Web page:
Creating a Positive Environment for Student Staff

July 23, 2013

By: Christina Bilinski
Affiliated Programs: 
Essential Management Skills

As we find ourselves in the midst of summer, many of our organizations have hired student staff for part-time positions, temporary work, and/or internships. Working with students can be rewarding for them and us; it can also be a bit more challenging, as they approach the workplace with very different mindsets than older workers. While each individual is different, experts have noticed trends in young people’s behaviors. Have you?  Let’s look at some of these trends, and ideas from real supervisors that work to maximize student productivity.

College students tend to have short attention spans – 3 to 5 minutes. This short span is constantly reinforced by the “sound bite” characteristics of modern media. Supervisors should consider this when giving directions. Short, concentrated chunks of information are much more effective than drawn out directions. Checklists and templates are effective in helping students focus on one area of work at a time. When monitoring student performance, it’s most effective to check in with student workers regularly after short assignments to maintain their focus and coach them for success.

Since they have always been surrounded by modern technology: computers, ATMs, cell phones, video games, and so on, students tend to be early adopters of new developments. Take advantage of their comfort with new media, software, and hardware. Don’t agonize over how your staid department can make use of Facebook, Twitter, or Tumblr to reach your clients; encourage your student worker to come up with the ideas. This takes advantage of the young person’s natural strengths, provides a sense of belonging, and provides opportunities for growth and development.

Our young workers have been born into a rapidly changing society that has become increasingly violent. More than half come from homes affected by divorce, and more than 2/5 have mothers working outside the home. Because they are used to being lightly supervised, they tend to like to work independently. On the other hand, they also seem to crave friend contact. Supervisors can take advantage of this by placing students into an environment where they are surrounded by others, yet are not required to work on team projects. Supervisors should be very specific about the proper use of cell phones, iPads, texting, internet use, and the like during the work day.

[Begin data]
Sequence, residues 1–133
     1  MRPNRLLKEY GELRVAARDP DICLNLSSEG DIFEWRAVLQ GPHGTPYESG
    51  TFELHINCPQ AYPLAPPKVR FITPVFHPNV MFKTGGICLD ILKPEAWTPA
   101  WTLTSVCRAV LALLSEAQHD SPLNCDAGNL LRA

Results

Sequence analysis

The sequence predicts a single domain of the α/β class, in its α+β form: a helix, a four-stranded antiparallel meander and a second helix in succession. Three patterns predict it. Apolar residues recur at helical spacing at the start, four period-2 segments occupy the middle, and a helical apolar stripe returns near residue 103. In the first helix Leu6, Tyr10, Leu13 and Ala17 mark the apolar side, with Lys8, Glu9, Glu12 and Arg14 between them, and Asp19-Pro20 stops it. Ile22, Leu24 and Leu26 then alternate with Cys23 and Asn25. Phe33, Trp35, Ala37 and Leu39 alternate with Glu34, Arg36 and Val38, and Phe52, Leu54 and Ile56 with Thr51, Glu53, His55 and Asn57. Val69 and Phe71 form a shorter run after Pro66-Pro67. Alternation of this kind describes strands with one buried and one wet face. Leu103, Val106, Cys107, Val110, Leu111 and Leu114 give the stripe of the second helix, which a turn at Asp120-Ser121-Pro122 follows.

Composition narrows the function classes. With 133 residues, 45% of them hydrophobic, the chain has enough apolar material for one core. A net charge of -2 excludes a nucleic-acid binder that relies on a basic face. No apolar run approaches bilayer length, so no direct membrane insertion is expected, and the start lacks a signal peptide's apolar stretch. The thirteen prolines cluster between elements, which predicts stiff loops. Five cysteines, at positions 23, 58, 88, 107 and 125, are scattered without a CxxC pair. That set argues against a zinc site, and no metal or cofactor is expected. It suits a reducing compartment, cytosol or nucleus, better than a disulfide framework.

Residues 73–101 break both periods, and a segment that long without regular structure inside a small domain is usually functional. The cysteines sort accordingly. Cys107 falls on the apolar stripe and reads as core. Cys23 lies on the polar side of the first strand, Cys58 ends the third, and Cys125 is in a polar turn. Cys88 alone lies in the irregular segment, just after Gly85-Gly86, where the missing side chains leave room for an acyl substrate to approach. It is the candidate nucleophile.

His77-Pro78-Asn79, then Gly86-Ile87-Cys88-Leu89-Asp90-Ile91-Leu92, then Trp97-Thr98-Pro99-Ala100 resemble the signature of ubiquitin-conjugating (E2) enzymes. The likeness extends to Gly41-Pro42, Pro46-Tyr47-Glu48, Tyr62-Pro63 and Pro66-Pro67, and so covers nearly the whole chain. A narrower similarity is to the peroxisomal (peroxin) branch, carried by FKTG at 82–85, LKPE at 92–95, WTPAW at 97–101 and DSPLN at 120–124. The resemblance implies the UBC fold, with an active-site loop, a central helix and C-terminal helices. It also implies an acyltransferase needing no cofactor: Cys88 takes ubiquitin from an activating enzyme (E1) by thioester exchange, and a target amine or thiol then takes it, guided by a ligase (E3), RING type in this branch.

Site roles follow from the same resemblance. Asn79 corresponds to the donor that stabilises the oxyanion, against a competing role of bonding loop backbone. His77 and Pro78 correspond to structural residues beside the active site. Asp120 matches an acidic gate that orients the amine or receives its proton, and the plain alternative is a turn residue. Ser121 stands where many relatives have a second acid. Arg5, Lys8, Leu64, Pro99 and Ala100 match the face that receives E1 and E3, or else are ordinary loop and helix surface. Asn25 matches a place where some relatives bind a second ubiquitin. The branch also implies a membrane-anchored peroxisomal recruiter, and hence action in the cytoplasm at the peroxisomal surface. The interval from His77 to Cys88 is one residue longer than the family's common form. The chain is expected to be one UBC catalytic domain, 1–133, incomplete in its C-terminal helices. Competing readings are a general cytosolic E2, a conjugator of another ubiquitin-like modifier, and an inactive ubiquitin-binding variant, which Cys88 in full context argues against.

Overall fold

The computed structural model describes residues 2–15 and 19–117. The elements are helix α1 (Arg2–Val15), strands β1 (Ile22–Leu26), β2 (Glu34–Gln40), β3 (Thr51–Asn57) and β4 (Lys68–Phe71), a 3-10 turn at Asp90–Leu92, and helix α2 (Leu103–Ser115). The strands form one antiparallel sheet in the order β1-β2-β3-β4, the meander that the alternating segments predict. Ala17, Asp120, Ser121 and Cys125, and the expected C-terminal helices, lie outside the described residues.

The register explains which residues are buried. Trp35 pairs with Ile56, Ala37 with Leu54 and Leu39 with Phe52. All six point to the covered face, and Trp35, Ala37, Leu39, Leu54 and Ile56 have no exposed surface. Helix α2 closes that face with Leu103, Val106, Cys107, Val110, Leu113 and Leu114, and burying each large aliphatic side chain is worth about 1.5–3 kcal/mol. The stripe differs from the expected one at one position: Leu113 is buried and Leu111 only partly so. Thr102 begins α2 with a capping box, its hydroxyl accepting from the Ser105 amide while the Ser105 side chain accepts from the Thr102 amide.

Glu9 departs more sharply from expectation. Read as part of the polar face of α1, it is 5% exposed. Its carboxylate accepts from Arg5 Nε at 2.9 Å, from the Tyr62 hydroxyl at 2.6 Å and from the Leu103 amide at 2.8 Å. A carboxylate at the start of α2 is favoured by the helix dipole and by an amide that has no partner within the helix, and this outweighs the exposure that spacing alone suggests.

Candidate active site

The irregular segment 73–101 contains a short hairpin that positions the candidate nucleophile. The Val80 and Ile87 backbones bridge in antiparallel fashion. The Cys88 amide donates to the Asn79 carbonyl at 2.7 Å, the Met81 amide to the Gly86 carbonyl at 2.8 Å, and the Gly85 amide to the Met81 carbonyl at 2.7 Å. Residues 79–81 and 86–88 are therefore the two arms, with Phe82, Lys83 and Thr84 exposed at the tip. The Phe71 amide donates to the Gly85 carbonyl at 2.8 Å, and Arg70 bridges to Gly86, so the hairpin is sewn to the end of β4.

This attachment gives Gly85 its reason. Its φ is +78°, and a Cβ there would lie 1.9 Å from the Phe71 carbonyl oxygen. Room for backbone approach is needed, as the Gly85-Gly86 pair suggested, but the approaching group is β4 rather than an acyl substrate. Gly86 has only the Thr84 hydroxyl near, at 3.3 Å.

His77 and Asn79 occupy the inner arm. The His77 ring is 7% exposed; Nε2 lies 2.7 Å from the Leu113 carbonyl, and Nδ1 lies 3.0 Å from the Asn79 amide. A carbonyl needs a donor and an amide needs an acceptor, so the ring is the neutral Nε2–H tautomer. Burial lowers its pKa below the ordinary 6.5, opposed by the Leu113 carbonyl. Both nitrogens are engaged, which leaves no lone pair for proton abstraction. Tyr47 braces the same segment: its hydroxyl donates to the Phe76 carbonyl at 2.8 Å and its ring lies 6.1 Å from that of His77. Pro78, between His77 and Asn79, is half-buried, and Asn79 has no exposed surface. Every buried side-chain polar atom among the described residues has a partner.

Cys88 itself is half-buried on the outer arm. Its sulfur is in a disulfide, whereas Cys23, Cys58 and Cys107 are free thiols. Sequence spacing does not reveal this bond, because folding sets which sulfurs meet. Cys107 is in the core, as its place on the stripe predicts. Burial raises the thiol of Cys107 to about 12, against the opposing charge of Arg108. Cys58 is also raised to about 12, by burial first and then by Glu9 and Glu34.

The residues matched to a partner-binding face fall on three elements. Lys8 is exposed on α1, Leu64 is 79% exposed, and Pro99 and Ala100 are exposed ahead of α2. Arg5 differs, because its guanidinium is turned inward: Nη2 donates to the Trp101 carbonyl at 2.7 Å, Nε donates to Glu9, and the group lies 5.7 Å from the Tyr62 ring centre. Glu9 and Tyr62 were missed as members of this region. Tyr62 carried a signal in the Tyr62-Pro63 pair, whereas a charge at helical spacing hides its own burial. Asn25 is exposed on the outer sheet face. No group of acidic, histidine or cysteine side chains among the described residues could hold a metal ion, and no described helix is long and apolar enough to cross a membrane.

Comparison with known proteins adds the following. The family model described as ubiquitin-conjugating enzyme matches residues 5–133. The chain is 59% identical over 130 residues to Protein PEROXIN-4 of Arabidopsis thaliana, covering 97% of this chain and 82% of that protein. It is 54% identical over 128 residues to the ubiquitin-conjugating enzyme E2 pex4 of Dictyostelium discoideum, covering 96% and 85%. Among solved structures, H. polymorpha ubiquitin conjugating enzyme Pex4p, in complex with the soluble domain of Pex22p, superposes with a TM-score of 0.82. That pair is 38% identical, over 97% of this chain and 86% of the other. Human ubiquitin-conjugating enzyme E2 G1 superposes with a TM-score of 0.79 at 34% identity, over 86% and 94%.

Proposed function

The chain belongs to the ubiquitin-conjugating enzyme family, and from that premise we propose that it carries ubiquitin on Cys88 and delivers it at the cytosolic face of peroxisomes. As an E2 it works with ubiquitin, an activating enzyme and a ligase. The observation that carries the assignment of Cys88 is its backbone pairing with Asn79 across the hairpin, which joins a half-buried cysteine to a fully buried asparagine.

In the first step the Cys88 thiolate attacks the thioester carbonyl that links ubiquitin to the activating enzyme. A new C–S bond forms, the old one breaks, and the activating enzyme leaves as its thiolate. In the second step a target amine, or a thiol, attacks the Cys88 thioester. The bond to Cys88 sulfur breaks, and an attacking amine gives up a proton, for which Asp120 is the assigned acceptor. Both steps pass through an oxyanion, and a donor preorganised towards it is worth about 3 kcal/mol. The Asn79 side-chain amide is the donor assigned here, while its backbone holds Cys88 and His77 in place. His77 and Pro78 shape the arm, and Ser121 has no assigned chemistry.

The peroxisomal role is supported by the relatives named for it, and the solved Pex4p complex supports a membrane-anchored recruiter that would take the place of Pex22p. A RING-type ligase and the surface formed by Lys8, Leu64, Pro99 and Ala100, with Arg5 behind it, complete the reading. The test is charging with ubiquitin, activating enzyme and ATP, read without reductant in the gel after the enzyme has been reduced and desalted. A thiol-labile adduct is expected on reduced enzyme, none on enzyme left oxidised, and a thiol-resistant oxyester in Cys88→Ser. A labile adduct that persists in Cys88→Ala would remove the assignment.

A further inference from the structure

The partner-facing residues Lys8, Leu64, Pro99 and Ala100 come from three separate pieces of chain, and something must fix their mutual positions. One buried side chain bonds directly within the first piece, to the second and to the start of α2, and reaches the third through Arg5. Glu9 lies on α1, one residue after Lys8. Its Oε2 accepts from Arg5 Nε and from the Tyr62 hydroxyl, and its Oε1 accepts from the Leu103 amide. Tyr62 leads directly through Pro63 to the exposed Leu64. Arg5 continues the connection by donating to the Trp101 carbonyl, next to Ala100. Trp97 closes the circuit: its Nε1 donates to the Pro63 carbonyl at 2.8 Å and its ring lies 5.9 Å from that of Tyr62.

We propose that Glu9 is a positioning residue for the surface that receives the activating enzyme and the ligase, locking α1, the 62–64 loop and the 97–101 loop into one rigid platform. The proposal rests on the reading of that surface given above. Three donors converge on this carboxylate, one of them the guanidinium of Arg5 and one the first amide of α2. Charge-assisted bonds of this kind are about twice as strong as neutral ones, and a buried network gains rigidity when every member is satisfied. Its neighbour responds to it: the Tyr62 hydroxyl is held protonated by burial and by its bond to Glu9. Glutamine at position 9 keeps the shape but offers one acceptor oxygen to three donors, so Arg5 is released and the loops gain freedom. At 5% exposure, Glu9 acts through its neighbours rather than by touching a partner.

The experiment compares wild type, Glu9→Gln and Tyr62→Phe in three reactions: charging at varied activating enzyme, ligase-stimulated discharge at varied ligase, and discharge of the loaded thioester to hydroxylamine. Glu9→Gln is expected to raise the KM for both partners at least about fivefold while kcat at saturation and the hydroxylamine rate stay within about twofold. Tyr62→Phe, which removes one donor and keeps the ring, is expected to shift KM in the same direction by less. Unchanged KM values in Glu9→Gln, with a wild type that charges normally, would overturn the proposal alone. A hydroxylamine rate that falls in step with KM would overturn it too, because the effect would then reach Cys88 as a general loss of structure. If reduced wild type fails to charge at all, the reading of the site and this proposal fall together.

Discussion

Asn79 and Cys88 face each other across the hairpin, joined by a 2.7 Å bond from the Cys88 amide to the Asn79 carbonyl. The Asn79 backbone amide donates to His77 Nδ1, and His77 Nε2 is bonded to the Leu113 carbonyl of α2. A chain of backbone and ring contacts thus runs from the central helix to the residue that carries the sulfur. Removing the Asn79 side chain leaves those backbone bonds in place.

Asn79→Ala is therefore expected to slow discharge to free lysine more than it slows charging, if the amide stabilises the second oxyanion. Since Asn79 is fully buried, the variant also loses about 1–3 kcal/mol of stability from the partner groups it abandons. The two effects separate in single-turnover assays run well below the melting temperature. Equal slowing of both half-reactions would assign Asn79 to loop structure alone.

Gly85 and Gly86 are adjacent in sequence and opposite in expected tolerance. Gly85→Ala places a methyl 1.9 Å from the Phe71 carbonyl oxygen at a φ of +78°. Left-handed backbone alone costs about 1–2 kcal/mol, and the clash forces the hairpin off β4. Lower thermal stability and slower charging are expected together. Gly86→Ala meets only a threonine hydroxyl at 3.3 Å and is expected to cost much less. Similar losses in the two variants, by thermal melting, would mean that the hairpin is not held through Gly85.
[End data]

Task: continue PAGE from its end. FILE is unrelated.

Like their older counterparts, student workers are motivated by a favorable work environment, interesting and varied work, the ability to meet and work with different people, and recognition for work well done. Some students work solely for a paycheck, but many also seek job preparation skills, advancement, and references and referrals. Supervisors can take advantage of these motivations by setting and clearly communicating performance standards at every opportunity from the job description, through the hiring interview, through the orientation, to subsequent job assignments. Savvy supervisors who have openings year after year, make sure to encourage the best of their student workers with additional training, mentoring of others, and tangible rewards, such as raises, for excellent performance.

Working with student employees is mutually rewarding. They bring energy, spirit, creativity, and new ideas to the workplace. We provide a safe environment for them to learn new skills, test their strengths, and make connections with resources.